A carburetor is a mechanical device that forms part of the ancillary superstructure of an internal combustion engine. The specific function of the carburetor provides fuel to the combustion chamber where an explosion occurs. Carburetors mix raw fuel with air to produce a more volatile and highly combustible blend of fuel. The downward stroke of an engine’s piston creates a natural vacuum, pulling the mixture from the carburetor into the cylinder walls. A separate process initiates a spark at the right moment and ignites the newly mixed fuel, causing it to ignite. The explosion forces the piston downward and produces power.
Technological advancements in automobile manufacturing and electronics led to the development of fuel injection. Fuel injection is the primary alternative to the carburetor in cars today. The function of a fuel injector system is based on the same principle as the carburetor. While fuel injection produces faster response and fuel efficiency, the carburetor still exists in classic cars as well as an extensive range of gas-powered machines and transportation alternatives. These include airplanes, generators, tractors, lawn and garden equipment and motorcycles.
Luigi De Cristoforis is referenced as the original inventor of the carburetor in 1876. Enrico Bernardi produced the first working model of a carburetor while at the University of Padua in 1882.
During the early design and production of internal combustion engines, Karl Benz (Mercedes-Benz) was the first to introduce a commercial application of the carburetor. This trend continued until the late 1980s in the USA and early 1990s in Europe. Increasing regulation on vehicle emissions along with fuel efficiency and power gains led to fuel injection becoming the standard.
Carburetors are manufactured in several sizes and configurations. There are two types of carburetors:
Fixed venturi – The velocity of the airflow is used to regulate the flow of the fuel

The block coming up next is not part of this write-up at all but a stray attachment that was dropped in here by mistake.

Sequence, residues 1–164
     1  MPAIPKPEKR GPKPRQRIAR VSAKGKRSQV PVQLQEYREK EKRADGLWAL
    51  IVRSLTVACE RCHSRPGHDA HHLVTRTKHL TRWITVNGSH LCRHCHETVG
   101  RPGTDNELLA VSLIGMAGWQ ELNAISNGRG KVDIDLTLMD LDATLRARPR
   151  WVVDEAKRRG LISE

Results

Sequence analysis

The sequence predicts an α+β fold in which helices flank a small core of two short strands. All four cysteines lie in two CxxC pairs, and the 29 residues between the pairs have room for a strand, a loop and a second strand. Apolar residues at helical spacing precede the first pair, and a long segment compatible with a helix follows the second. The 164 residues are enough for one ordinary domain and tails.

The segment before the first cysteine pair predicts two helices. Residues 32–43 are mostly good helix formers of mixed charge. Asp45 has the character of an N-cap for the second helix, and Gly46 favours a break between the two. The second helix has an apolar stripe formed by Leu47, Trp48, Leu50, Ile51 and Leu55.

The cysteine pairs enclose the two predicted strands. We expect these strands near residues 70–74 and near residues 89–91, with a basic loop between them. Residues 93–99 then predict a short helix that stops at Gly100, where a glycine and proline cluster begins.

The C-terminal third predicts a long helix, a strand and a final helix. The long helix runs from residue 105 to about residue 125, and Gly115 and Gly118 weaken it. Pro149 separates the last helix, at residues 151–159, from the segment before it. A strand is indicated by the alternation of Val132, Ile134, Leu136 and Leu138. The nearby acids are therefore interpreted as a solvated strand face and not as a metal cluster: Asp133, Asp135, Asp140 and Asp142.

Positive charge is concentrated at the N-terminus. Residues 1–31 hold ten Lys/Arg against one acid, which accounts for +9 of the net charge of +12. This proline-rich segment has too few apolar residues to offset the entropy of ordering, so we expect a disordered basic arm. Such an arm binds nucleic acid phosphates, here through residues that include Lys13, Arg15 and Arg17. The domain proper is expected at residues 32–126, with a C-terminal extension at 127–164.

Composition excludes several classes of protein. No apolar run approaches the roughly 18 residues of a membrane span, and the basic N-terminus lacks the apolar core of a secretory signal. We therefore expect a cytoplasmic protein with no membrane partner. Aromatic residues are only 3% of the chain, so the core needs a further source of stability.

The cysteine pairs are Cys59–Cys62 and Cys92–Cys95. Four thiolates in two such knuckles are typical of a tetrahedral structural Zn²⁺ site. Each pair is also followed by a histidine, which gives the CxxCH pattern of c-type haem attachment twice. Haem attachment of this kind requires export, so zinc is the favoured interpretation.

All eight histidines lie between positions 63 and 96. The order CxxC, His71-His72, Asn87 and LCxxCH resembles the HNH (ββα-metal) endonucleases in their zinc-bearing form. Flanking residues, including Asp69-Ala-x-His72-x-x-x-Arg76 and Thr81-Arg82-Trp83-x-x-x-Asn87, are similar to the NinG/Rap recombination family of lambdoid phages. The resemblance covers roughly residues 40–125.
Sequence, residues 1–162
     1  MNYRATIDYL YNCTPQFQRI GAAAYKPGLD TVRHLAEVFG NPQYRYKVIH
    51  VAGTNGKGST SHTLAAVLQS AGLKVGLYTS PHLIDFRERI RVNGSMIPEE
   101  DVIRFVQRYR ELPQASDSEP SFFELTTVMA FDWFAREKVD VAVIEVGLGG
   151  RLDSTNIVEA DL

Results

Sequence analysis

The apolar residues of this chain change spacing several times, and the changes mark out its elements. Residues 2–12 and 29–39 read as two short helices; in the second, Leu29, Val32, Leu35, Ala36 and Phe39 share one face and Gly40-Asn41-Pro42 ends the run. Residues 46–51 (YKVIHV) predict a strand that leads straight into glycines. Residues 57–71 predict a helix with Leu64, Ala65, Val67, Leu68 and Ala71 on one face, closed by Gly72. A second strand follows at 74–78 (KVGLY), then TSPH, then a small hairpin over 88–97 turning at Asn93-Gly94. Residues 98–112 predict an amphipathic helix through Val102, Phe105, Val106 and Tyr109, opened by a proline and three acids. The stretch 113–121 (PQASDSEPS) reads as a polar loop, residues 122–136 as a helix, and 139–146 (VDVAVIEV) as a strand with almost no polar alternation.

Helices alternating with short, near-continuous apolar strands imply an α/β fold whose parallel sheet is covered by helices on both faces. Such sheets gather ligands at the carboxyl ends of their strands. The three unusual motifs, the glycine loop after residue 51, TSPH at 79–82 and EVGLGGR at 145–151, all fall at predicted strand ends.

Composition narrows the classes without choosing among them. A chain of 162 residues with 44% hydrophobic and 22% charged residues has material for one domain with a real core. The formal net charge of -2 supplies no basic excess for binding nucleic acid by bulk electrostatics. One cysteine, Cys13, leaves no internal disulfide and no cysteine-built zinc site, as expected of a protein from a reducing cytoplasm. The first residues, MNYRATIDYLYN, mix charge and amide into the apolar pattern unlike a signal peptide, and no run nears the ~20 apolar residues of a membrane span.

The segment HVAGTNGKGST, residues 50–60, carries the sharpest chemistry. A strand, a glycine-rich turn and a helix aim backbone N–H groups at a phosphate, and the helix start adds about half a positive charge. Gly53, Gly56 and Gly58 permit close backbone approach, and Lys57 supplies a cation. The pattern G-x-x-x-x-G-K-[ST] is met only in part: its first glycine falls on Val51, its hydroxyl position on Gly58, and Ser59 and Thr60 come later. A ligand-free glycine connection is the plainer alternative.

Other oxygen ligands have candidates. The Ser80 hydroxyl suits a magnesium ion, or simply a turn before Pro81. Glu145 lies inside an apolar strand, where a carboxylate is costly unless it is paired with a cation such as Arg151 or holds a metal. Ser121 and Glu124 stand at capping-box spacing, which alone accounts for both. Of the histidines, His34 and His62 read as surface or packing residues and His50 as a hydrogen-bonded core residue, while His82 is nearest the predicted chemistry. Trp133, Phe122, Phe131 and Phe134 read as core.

Variable venturi – The flow of raw fuel is controlled mechanically, and airflow is regulated with fuel flow
How Carburetors Work
A carburetor sits between an induction manifold (the air source) and inlet manifold (the route to the engine cylinder). In standard aspirated engines, air is drawn in to the carburetor from the induction manifold. Supercharged engines force the air in to the carburetor.
The primary section of a carburetor is the venturi, a pipe-like construct with a narrow middle section. This narrow section causes the flowing air to increase rapidly. The bottom end of the venturi contains a simple valve, called a butterfly valve, which adjusts the airflow through the pipe. The butterfly valve works in conjunction with a separate valve named the throttle valve. The throttle valve controls fuel flow.
The combination of regulated airflow and fuel flow defines the volume and makeup of the resulting mixture produced by the carburetor. As the throttle is increased, the mixture is jetted in to the induction manifold and the cylinder itself, allowing combustion to take place.
When an engine is idling the pressure produced by the induction manifold is very low. Therefore, a different mechanical process takes place in order to keep the engine from stalling. A series of small metal tubes called fuel jets are in place to maintain a minimum flow of fuel. These jets disengage once the throttle valve opens, allowing the primary process to initiate.